RESPONSIBLE HORSE OWNER BOOKLET CARING FOR YOUR HORSE’S FEET 3 CARING FOR YOUR HORSE’S FEET INTRODUCTION Hoof care is an extremely important aspect of horse ownership but is also an area that can get overlooked in a busy day-to-day schedule. The old saying ‘No foot, No horse’ still holds true today and whilst as an owner you cannot do much mechanically to the foot, daily care and observation are vital to avoiding potentially serious and life threatening problems. This guide is part of a series covering a range of different topics to help you keep your horses healthy. For more information and to gain access to the rest of the series, please visit our website: www.healthyhorses.co.uk – BASIC ROUTINE HOOF CARE Who should maintain my horse’s feet? On a daily basis you are the best person to take care of your horse’s hooves, ensuring they are clean and free from sharp objects such as stones. Getting to know what is normal for your horse will help you to spot anything out of the ordinary, therefore enabling you to then take direct action to prevent potential problems in the future. A qualified farrier needs to attend your horse to undertake trimming and if necessary, shoeing. In the United Kingdom, registered farriers are governed by the Farriers (Registration) Act 1975 and overseen by the Farriers Registration Council. To find a registered farrier in your area: Click here 5 CARING FOR YOUR HORSE’S FEET What routine checks do my horse’s feet need? If your horse is stabled it is imperative that bedding is kept clean and dry Feet should be picked out once daily as a minimum - Allowing a horse to stand on dirty, wet bedding provides the ideal environment for bacteria to build up, which may affect the hoof structures, leading to common ailments such as thrush. - Your horse should not find it uncomfortable when you pick out his feet applying firm pressure down the side of the frog. If he does, it can be an indication of a problem like thrush. This condition affects the frog, producing a black, foul smelling, soft and often sore frog material. The bacteria commonly involved is anaerobic meaning it does not like oxygen hence the need to pick out the feet often, to allow oxygen to get to the underside of the hoof. Cleaning and drying the hooves thoroughly is often enough to treat the condition and to prevent reoccurrence, however your farrier may have to remove badly damaged frog tissue and the area may need treating with a topical medication. - Picking out the feet is important in many ways and provides a vital opportunity to closely inspect all the hoof structures. The frog should be regularly inspected for damage and cuts and for conditions like thrush. In turn, the sole should be examined for puncture wounds and cuts and stones wedged beside the frog. The wall needs to be inspected for excessive growth or excessive wear and the white line should be checked to ensure it is free from trapped grit which may cause an opportunity for an infection if not discovered in time. - If your horse has been living out in damp muddy conditions and then brought in to a stable, perhaps overnight, it is important to pick out his feet, not only to check for stones but also to remove the wet mud trapped in the under side of the hoof. Should mud and stones be allowed to remain in place it will keep the sole and frog damp for an extended period of time. This results in the horn structures becoming soft and potentially not as resilient as they should be. BASIC ROUTINE HOOF CARE What routine checks do my horse’s feet need? Check the condition of shoes Check the digital pulse - If shoes are fitted, assess their wear after two to three weeks according to workload. If they are worn significantly, then the next shoeing appointment should be moved forward or the work load on abrasive surfaces should be reduced, to avoid shoes becoming loose or moving on the foot before the farrier’s regular visit. - Feeling you horse’s digital pulses is a very useful way of assessing conditions that may be occurring within the feet, however they are of little help if you do not know what they feel like when everything is ok. It does take a little practice, but as you will be picking your horse’s feet up every day you will soon get the hang of it. - Shoes should also be regularly checked for any movement on the foot, as when horses move freely it is usual for them to catch their shoes. Typically, horses will often catch the front shoes with their hind ones and either lose them completely or bend one heel. This could result in the nails in the shoe being trodden back again which may puncture the sole. - If a punctured sole is suspected, veterinary advice advice should be sought immediately as any puncture wound can be problematic. Additionally, a deep puncture within the middle area of the hoof can be potentially fatal, if not dealt with immediately. One of the best places to find them is the inside and outside of the fetlock joint, slightly towards the back. Use your forefinger and with gentle pressure keep your fingers still and wait. A horse’s pulse is slow at rest and often the fingers are moved away too quickly. Once you know what is normal for your horse you will be able to tell your horse’s veterinary surgeon, or farrier what is abnormal if they ask. 7 CARING FOR YOUR HORSE’S FEET PREPARING FOR THE FARRIER Discuss any concerns with your farrier. In order for a farrier to be able to provide the best level of care for your horse, you should ensure that you have adequately prepared both your horse and the shoeing area prior to their arrival. Your duty of care will be to provide: -A clean, dry standing area with good light and a non-slip surface -A secure, safe ring to which the horse can be tied -Protection from rain, wind and bad weather -A properly fitted, sound head collar/halter with a good rope of adequate length -Competent assistance should the farrier require it It is important that your horse is used to being handled and is happy to have its feet lifted and held. If your horse resents this then you will need to spend time training your horse to accept this type of procedure. You should discuss any concerns you might have with your farrier, ideally prior to their visit, or your vet who will be able to give advice on an appropriate course of action. Routine farrier visits. How often does my horse need its feet trimming? There are only three reasons for horses to wear shoes: It is difficult to put a time frame on the length of time a horse may go between trimmings, as there are many factors relating to growth and wear to the hoof. However, the usual range is between 4 and 8 weeks depending on these factors. 1.To prevent excessive wearing of the wall and sole when moving on abrasive surfaces such as tarmac and concrete The best policy is to ensure you put in place a regular visit from your chosen farrier as this will often prevent problems from occurring in the first place. It will also allow you to budget for regular visits, rather than emergency ones! Does my horse need shoes? Horses have survived for thousands of years without shoes, and still can, however much depends on their breed type, the conditions they are kept in and the surfaces they are worked on. 2.To enhance performance, whether for grip, the horse’s action or protection from injury 3.To effect a change to the hoof or to provide therapy to the foot, limb or body, or to compensate for conformational defects If your horse does not fit into these categories it should be questioned whether he needs to be shod and in many cases it is not unreasonable to have just front shoes fitted. All horses are individuals so it is best to discuss their specific needs with your farrier on a regular basis. Regardless of whether your horse is shod or unshod you should have an understanding of his feet and become familiar with his individual hoof conformation. Should you have any concerns, the best person to help is your horse’s farrier who should be only too willing to discuss issues on one of their routine visits or over the telephone if you feel the problem is more urgent. 9 CARING FOR YOUR HORSE’S FEET FAQs Keeping my horse’s feet clean. Should I wash my horse’s feet? Are my horse’s feet too dry? Mud is always a battle in the winter and when horses have to stand in it daily it can cause many issues. It is best in most cases to wipe the feet clean with absorbent material rather than washing, but if washing is the only way to rid the feet of mud, make sure they are thoroughly dried afterwards. You wouldn’t wash your hands or feet without drying them as your skin would crack and become rough. Hooves are similar, in that if the horn structure (specifically the horn tubules) becomes oversaturated for long periods of time, its strength is compromised, which ultimately leads to broken and weak hoof walls. Hoof horn is usually at its toughest when moisture content is low. As hooves get wetter, the horn becomes softer and more vulnerable. It is rare in the UK for hoof structures to become too hard, so if the walls are cracking and splitting it is probably as a result of other issues. ‘Watering’ feet has no benefit at all and will compound problems. A regular application of a recommended conditioning product is more favourable and again your farrier is best placed to advise on this. Once the hooves are clean and dry a hoof dressing can be applied if required. There are many on the market and again your farrier is best placed to advise you on your horse’s individual requirements. FAQs What should I do if my horse goes lame? -If your horse goes lame, contact your veterinary surgeon or farrier for advice -There are many potential reasons for a horse going lame but it is worth remembering that a large percentage of lamenesses are in the foot -If your horse goes lame immediately after shoeing it may be due to incorrect nail positioning and as such you should contact your farrier to re-examine your horse -If you find that your horse has trodden on a nail or something similar, and is lame, you should contact your vet immediately and leave the nail in place until they arrive -A deep puncture within the middle area of the hoof can be potentially fatal, if not dealt with immediately -You should ensure that your horse is fully vaccinated against tetanus as the bacteria that cause the disease are found in the soil and enter the body through wounds, commonly to the sole of the foot 11 TAKING CARE OF YOUR HORSE’S FEET WHAT SHOULD I DO NOW? Check list. Where can I go for further information? -Make sure you clean out and examine your horse’s feet at least once daily -Ensure you have somewhere suitable (safe and light) for your farrier to work -Make sure your horse is registered with a qualified farrier -Check that your horse is up to date with their tetanus vaccination - Your vet - Your farrier - To find a vet in your area Click here - To find a registered farrier in your area Click here -For more information on daily hoof care from World Horse Welfare youtube channel Click here Further information is available from: GBEQI06150002d MSD Animal Health Walton Manor Walton Milton Keynes MK7 7AJ Tel. 01908 685 685 www.msd-animal-health.co.uk www.healthyhorses.co.uk Keeping Britain’s Horses Healthy logo is property of MSD Animal Health. A subsidiary of Merck & Co. Whitehouse Station, NJ, USA.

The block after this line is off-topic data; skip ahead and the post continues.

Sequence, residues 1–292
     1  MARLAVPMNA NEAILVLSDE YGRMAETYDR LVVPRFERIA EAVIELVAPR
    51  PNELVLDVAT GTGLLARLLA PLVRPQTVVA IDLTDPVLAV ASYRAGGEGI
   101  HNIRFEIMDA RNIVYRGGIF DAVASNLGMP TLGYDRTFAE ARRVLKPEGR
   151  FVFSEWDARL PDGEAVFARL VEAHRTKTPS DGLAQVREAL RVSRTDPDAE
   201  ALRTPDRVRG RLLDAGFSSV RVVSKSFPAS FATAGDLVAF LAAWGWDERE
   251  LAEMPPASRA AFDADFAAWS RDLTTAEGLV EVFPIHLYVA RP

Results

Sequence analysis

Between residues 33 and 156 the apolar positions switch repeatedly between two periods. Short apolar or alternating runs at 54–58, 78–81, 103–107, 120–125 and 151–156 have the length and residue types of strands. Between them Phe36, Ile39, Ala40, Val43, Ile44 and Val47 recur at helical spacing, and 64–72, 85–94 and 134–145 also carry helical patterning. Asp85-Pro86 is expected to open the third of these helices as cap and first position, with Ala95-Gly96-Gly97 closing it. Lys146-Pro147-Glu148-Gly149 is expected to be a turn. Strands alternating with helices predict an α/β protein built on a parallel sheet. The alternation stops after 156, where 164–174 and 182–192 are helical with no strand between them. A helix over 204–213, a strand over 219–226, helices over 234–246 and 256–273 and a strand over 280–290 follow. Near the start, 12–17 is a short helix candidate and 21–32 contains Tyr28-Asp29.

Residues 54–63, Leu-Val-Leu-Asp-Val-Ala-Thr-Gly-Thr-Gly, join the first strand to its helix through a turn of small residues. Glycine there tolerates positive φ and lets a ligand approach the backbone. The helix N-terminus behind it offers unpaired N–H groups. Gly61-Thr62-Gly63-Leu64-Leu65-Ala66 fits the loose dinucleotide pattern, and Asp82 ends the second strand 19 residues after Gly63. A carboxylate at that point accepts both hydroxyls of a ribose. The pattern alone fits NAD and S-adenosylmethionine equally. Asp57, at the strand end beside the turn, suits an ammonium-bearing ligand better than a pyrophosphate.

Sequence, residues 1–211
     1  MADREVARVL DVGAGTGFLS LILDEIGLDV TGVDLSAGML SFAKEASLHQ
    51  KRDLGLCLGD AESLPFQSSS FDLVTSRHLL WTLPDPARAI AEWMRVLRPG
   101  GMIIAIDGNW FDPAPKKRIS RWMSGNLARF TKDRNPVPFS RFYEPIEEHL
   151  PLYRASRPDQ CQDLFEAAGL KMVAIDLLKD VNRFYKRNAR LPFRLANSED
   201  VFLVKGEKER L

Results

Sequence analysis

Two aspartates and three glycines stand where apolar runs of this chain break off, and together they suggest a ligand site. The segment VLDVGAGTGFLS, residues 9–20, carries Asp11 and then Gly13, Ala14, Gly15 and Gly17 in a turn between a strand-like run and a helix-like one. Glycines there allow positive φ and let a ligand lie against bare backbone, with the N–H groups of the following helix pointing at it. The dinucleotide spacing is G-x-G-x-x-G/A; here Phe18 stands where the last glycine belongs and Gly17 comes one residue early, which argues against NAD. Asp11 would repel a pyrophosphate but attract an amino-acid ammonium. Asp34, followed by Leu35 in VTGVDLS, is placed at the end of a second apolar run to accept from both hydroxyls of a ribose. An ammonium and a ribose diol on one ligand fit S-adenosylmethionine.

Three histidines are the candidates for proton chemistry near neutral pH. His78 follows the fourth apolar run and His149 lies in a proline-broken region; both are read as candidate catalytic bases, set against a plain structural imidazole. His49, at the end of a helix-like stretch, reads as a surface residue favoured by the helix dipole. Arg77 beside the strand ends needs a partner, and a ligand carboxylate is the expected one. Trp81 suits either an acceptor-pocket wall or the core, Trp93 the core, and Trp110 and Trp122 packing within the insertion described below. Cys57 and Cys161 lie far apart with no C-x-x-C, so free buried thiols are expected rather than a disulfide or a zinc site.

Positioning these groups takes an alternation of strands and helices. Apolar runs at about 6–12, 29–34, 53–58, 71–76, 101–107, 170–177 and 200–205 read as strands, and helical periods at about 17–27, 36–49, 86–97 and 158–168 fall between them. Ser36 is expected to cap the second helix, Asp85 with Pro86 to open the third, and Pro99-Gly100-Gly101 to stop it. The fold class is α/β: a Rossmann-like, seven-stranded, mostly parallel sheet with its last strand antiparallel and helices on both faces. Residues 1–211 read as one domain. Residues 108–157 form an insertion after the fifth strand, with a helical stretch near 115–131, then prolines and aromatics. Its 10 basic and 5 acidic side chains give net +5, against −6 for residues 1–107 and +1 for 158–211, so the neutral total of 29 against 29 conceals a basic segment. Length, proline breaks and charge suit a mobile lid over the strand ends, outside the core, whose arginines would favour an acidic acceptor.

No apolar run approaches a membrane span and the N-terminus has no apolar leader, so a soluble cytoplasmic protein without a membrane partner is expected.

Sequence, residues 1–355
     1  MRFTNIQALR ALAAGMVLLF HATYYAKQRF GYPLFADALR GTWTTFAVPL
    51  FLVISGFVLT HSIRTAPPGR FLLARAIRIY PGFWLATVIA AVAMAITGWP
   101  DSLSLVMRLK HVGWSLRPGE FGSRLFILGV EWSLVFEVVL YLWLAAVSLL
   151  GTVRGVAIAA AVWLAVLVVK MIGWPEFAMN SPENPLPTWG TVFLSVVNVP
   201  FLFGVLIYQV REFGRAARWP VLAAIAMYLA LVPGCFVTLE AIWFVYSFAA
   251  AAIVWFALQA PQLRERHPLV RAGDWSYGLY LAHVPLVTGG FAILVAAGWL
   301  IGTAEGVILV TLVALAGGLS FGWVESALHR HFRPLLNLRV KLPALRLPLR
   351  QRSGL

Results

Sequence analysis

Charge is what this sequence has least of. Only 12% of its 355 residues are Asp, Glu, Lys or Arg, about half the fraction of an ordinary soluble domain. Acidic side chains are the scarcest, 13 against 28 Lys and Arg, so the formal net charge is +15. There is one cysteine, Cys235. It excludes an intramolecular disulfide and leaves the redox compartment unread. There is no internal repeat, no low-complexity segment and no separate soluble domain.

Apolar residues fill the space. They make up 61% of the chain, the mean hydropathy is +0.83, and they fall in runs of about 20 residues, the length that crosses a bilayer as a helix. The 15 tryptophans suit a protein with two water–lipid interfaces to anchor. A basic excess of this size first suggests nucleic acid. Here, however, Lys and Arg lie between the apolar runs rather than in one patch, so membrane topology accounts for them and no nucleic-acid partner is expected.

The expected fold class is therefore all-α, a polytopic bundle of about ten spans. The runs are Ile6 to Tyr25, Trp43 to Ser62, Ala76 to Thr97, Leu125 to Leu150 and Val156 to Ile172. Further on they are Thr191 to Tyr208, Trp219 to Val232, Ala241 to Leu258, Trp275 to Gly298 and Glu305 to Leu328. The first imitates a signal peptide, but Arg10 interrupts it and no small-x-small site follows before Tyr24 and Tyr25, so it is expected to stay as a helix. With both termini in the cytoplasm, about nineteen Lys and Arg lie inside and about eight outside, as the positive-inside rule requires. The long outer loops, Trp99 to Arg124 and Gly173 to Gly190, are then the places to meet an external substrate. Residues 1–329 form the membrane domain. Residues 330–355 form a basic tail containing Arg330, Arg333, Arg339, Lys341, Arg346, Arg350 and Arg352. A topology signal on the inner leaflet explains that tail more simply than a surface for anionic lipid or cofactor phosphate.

© Copyright 2022 Paperzz